Don’t discount the abilities of young children…

Nora’s first selfie video at age 3.

Picture by Nora Age 2Nora taking a picture of me at age 2.

Nora Selfie Age 2
Nora taking a selfie at age 2.

Nora Selfie to Instagram Age 1  Nora posting a selfie to her mom’s Instagram at age 1.

 My question is, if a child can do all of this before entering school, what can children do using technologies with a little help from a teacher? We need to stop underestimating the abilities of the youngest around us. They can do powerful things if we give them just a little help…

#UNIETD Post 1: What would Dewey do?

Dewey (1976) said:

…to satisfy an impulse or interest means to work it out, and working it out involves running up against obstacles, becoming acquainted with materials, exercising ingenuity, patience, persistence, alertness, it of necessity involves discipline, -ordering of power-and supplies knowledge (p. 25).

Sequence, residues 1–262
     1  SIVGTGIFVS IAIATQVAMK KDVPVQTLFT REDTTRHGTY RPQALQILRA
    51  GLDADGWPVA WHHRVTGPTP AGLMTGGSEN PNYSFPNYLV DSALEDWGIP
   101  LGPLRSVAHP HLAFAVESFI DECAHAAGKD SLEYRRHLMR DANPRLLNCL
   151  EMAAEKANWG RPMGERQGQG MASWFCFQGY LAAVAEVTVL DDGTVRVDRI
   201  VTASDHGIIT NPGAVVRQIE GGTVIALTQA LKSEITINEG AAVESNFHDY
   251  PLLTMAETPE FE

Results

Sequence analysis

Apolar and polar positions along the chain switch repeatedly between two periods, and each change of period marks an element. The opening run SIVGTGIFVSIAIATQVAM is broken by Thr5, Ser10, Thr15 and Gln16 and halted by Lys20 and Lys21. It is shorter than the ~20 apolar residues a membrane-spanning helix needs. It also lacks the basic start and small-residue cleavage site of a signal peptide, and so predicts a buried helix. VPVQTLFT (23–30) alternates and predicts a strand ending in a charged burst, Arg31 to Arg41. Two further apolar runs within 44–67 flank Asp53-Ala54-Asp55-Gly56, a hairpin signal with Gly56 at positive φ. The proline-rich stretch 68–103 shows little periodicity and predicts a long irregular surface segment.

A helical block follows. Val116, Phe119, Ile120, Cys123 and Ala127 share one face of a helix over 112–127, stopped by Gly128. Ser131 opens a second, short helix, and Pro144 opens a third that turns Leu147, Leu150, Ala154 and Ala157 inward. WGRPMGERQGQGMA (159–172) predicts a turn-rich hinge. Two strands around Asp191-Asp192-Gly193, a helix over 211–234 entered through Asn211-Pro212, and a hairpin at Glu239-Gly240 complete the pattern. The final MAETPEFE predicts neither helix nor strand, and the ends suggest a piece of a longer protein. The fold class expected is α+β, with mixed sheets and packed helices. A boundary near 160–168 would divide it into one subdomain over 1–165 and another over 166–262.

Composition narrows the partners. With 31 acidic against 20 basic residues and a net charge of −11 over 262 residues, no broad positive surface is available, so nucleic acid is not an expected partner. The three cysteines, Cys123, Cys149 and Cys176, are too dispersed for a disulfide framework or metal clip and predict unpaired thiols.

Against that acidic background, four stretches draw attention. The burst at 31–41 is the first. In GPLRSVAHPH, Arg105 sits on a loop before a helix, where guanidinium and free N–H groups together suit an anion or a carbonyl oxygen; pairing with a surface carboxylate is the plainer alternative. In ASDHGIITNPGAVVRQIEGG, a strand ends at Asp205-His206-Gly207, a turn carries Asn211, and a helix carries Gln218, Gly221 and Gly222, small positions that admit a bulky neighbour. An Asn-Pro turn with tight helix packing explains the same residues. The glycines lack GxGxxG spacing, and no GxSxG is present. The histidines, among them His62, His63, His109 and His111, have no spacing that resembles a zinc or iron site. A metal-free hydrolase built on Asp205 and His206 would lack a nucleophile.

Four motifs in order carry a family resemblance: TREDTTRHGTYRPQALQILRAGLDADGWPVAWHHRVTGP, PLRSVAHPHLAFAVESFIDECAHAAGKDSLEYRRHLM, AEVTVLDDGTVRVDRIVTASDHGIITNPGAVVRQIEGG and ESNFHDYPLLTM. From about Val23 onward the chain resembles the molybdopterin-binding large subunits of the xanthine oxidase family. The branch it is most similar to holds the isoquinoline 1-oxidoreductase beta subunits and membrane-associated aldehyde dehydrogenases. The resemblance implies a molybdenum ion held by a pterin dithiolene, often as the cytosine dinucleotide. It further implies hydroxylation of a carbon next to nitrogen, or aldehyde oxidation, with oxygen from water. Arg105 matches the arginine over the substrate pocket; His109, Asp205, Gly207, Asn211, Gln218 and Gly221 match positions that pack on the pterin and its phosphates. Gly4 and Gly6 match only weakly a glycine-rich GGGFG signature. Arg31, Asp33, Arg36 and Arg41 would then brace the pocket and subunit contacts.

I’ve started reading Dewey a bit more lately as I begin writing my dissertation and I’m struck by how clear he is and, yet, how muddied improving our educational practices have become since Dewey’s time. Sticking to what I know, I immediately reflect to the professional development experiences surrounding new technologies that teachers everywhere are subjected to, some times on a monthly basis. The idea that no single technological innovation exists for all teachers (Mishra & Koehler, 2006) highlights the almost cruel nature and certainly squandered learning time for teachers when they attend such professional development sessions. So as I reflect and make sense of what I’m reading, I ask: What would Dewey do? How would Dewey approach professional development for teachers surrounding what in fact are critical issues facing not just our society with regards to being competent problem solvers, critical thinkers, collaborators, etc., all at the intersection of content, pedagogy, and technology.